the eagle with its breast. It now looked like the second Capercaillie saw
the eagle as a new Capercaillie and therefore a new contender at the lek. It
continued attacking the eagle. During this time the eagle had stood its
ground, keeping a firm grip on the first Capercaillie. However the attacks
continued and in the end the eagle was forced to let go, but instead of
flying away, it attacked and killed the second Capercaillie, roughly in the
same fashion as the first with the first strike going into the birds breast.
After the second Capercaillie was lying dead, the eagle flew away from the
area, leaving the two birds untouched and a camera man rubbing his eyes in

As I said, the whole sequence was filmed and shown on a nature program on
Norwegian TV. The film was also entered into a competition for the best
amateur nature video shown on Norwegian TV. It won hands down, a truly
remarkable piece of wildlife photography.

Best regards,
Eddie Chapman.  Voss.   Norway.
Website: Bird Watching In Norway - Birding Holidays In Norway
Norwegian Rare Bird Alert.

From: Carl and Jan Reavey 
Subject: Re: Capers with Eagles.
Date: Thu, 3 Jan 2002 

jp writes
>Some time ago I was shown a clip from a documentary made many years
>ago about a band of pelt hunters from Asia (Kazakhstan?). One of the
>native trappers had a 'berkut' - a golden eagle, which he used to kill
>wolves. The clip showed one such flight, if I remember rightly the
>eagle held the wolf across the back with one foot and its head with
>the other foot, presumably using its tremendous strength to drive its
>talons through the wolves skull. Fairly gruesome stuff,  but it
>showed, as Alan says, what a formidable predator a golden eagle can
>be. Incidently, am I right in thinking the Golden Eagles from this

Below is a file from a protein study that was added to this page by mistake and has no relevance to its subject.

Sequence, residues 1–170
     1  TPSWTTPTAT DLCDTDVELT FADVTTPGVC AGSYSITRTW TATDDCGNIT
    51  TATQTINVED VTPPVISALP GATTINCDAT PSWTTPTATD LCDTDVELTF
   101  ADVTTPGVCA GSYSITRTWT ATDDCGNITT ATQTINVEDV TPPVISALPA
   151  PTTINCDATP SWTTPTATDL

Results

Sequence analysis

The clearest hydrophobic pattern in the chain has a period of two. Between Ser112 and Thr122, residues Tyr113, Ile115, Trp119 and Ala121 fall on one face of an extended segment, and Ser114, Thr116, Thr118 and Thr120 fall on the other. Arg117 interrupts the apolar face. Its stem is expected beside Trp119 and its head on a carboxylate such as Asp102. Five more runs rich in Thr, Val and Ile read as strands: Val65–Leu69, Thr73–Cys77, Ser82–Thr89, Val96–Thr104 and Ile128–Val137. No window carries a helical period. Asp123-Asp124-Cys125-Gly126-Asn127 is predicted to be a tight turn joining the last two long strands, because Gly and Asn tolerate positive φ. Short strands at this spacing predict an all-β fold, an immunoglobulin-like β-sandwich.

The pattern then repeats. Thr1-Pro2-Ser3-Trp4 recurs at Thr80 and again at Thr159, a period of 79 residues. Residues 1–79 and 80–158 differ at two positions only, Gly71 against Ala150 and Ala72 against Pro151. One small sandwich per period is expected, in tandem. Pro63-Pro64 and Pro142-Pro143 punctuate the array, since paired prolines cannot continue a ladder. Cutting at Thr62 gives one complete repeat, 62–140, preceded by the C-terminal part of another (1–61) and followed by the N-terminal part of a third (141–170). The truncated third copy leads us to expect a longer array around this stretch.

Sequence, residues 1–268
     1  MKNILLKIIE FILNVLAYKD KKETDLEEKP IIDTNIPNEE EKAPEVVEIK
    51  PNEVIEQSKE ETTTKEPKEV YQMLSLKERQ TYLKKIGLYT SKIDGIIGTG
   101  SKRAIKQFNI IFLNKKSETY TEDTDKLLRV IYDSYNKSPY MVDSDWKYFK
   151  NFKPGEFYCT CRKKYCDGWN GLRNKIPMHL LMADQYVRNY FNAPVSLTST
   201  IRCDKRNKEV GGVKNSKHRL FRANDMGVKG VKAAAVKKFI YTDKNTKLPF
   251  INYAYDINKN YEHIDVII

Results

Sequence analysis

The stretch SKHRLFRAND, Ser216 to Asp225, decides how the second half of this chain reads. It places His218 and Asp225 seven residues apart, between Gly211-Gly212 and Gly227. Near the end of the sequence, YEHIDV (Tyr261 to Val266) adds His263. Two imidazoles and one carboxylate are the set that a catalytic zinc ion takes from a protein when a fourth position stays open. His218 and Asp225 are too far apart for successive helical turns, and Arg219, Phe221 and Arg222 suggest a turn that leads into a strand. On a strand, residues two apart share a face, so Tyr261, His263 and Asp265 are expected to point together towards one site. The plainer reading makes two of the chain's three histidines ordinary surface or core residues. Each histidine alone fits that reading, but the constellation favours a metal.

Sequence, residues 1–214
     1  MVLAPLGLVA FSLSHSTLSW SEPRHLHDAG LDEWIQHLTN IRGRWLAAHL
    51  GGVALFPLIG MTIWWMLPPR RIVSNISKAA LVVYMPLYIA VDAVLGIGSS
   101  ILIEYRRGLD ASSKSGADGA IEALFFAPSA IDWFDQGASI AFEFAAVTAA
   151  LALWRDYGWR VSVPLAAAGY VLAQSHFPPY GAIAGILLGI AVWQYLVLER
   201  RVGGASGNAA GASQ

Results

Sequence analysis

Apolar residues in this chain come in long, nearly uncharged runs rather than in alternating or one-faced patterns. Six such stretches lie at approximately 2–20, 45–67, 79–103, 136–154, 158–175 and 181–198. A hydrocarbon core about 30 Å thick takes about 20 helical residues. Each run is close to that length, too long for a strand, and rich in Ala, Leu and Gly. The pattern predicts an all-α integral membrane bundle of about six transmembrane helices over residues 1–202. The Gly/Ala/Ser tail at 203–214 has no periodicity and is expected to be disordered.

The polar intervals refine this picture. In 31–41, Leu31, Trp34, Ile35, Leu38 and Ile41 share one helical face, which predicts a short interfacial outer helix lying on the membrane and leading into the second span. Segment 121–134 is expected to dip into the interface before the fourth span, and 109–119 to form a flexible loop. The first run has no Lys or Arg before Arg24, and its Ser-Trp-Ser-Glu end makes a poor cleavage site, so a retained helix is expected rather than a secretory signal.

>area are the biggest in the world - does anyone know just how big they

I believe the Golden eagles on Jura are considered to be the largest and
most fearsome in the Western Palearctic.  They mostly feed on Grey seals
which they catch by hunting in pairs - the female eagle grabs the head
and the male the tail (which is not so heavy) and together they haul the
hapless beasts up to their eyries on the Paps.  Local legend has it that
one pair tried to carry off a U-boat which was skulking in Loch Tarbert
during the war, but the crew managed to drive them away using the 8 inch
gun mounted on the foredeck.  The U-boat was fatally holed in the action
however and finally foundered in the Gulf of Corrievreckan.  George
Orwell, who was the only other living soul for a hundred miles, found
two of the survivors trying to catch a sheep and rode his BSA Bantam to
Ardtalla in a futile attempt to raise the alarm.  Some say the Germans
are still there...

The eagles certainly are.  Malcolm pops over to count them every year -
but always with an armed escort of redundant goose shooters who have
nothing to do during the birdy breeding season except shoot deer which
they claim gets boring after a while...

Yours etc..
Carl Reavey

From: "Steve Foster" 
Subject: Re: Fieldfare question
Organization: Ye 'Ol Disorganized NNTPCache groupie 
Date: Tue, 04 Dec 2001 

"W K" wrote...
> > > I saw a few fieldfares yesterday BTW. Perhaps the first time I've seen them
> > > in a flock (in the UK)..
> > >
> > How many does it take to create a flock? 3 or more?

> Well this was 20 odd.
> I'm sure I have heard them in ones and twos before, but not really seen them
> properly.
> I do see them regularly in central france around christmas.

Flippin' 'eck.  What bins do you use?! ;-)

Steve Foster - Stanwick, Northants